Findings suggest mobile gaming does not appear to be problematic in Belgium and Finland.
The recent paper by Aarseth et al. (2016) questioned whether problematic gaming should be considered a new disorder particularly because “Gaming Disorder” (GD) has been identified as a disorder to be included in the next (11th) revision of the World Health Organization’s International Classification of Diseases (ICD-11).
This study uses contemporary literature to argue why GD should be included in the ICD-11.
Aarseth and colleagues acknowledge that there is much literature (including papers by some of the authors themselves) that some individuals experience serious problems with video gaming. How can such an activity be seriously problematic yet not disordered? Similar to other addictions, gaming addiction is relatively rare and is in essence a syndrome (i.e., a condition or disorder characterized by a set of associated symptoms that tend to occur under specific circumstances). Consequently, not everyone will exhibit exactly the same set of symptoms and consequences, and this partly explains why those working in the problematic gaming field often disagree on symptomatology.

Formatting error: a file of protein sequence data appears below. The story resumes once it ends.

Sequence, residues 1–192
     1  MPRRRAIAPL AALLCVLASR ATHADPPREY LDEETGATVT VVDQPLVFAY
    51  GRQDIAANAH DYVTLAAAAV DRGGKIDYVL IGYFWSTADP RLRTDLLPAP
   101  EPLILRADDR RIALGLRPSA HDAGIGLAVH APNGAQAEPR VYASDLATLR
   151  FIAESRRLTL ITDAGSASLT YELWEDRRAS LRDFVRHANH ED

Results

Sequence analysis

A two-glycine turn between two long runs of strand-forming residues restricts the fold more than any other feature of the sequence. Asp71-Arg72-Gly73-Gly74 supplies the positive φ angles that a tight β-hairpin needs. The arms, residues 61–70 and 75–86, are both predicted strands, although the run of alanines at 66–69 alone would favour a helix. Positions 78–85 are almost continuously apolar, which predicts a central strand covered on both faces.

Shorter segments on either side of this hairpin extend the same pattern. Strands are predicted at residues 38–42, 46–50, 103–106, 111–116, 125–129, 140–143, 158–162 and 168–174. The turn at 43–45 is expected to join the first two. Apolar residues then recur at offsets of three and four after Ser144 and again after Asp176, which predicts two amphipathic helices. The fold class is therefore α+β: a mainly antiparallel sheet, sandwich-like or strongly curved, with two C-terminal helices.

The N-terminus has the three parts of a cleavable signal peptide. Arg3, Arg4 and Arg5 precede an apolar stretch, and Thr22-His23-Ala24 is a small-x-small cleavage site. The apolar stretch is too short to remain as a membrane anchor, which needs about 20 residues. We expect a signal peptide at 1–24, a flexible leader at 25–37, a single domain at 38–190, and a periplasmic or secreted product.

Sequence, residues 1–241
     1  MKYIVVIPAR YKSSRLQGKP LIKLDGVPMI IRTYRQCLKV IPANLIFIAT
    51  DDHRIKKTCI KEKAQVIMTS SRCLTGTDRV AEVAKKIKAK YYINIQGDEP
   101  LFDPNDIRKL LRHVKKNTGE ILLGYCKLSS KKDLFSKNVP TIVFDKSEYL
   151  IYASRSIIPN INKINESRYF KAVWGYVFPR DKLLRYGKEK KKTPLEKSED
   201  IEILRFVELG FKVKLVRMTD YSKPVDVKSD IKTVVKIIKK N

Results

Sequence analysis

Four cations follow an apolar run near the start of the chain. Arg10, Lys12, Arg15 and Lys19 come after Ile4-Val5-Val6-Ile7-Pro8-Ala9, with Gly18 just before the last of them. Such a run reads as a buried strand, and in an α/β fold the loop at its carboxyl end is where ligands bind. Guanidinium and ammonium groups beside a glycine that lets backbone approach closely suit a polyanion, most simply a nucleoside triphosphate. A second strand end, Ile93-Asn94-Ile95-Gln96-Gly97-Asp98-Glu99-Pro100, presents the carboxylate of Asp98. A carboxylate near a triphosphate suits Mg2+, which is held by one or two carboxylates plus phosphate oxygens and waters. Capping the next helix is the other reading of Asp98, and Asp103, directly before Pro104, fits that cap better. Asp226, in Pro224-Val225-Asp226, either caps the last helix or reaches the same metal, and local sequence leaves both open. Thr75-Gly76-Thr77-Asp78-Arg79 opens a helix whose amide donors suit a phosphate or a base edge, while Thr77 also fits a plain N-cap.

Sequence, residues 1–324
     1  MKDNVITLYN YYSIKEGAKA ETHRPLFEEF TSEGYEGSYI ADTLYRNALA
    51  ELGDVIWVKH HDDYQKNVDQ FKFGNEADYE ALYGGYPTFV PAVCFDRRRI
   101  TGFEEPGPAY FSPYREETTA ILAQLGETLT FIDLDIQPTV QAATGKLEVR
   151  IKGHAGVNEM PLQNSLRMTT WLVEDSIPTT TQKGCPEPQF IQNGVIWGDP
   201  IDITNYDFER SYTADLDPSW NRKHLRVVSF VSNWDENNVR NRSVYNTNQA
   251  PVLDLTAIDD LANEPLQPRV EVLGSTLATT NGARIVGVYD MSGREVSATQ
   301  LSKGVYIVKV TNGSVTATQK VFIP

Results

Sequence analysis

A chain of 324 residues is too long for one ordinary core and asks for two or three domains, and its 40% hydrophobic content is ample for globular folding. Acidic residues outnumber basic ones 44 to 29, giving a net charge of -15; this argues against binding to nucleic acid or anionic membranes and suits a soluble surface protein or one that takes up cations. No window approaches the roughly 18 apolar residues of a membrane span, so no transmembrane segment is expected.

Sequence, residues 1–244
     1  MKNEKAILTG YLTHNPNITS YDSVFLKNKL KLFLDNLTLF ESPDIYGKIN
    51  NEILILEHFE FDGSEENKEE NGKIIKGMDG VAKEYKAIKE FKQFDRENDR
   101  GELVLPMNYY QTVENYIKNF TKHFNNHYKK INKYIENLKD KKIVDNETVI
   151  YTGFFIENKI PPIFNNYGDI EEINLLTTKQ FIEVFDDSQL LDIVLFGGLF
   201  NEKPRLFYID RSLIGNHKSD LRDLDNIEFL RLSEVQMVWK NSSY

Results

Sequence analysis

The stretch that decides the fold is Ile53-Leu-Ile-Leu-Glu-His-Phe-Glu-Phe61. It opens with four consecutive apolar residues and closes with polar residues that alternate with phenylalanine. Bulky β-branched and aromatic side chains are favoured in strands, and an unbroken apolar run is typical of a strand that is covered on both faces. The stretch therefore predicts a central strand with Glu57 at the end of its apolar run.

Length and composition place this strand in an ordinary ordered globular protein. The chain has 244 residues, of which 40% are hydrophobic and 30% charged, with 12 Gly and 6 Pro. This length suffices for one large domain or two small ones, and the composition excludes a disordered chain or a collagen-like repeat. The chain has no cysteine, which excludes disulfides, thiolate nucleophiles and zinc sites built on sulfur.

Research into gaming is not about pathologizing healthy entertainment, but about pathologizing excessive and problematic behaviors that cause significant psychological distress and impairment in an individual’s life. These are two related, but (ultimately) very distinct phenomena. While being aware that gaming is a pastime activity which is enjoyed non-problematically by many millions of individuals worldwide, it is concluded that problematic gaming exists and that it is an example of disordered gaming.
Gaming disorder was recently recognized as a mental health disorder by the World Health Organization and included in the International Classification of Diseases. Extensive research has been conducted with regard to psychosocial correlates and comorbidity, less so for the developmental mechanisms and the processes leading to the disorder. The association between family factors, personality traits, and gaming has been studied independently but not in combination. To fill this gap in knowledge, this study examined (a) the association between parental acceptance–rejection theory and Internet gaming disorder (IGD) and (b) the mediating and moderating effect of core self-evaluations (CSE), a personality construct, on the aforementioned variables.
The study was quantitative and involved young adults members of online gaming communities (N = 225).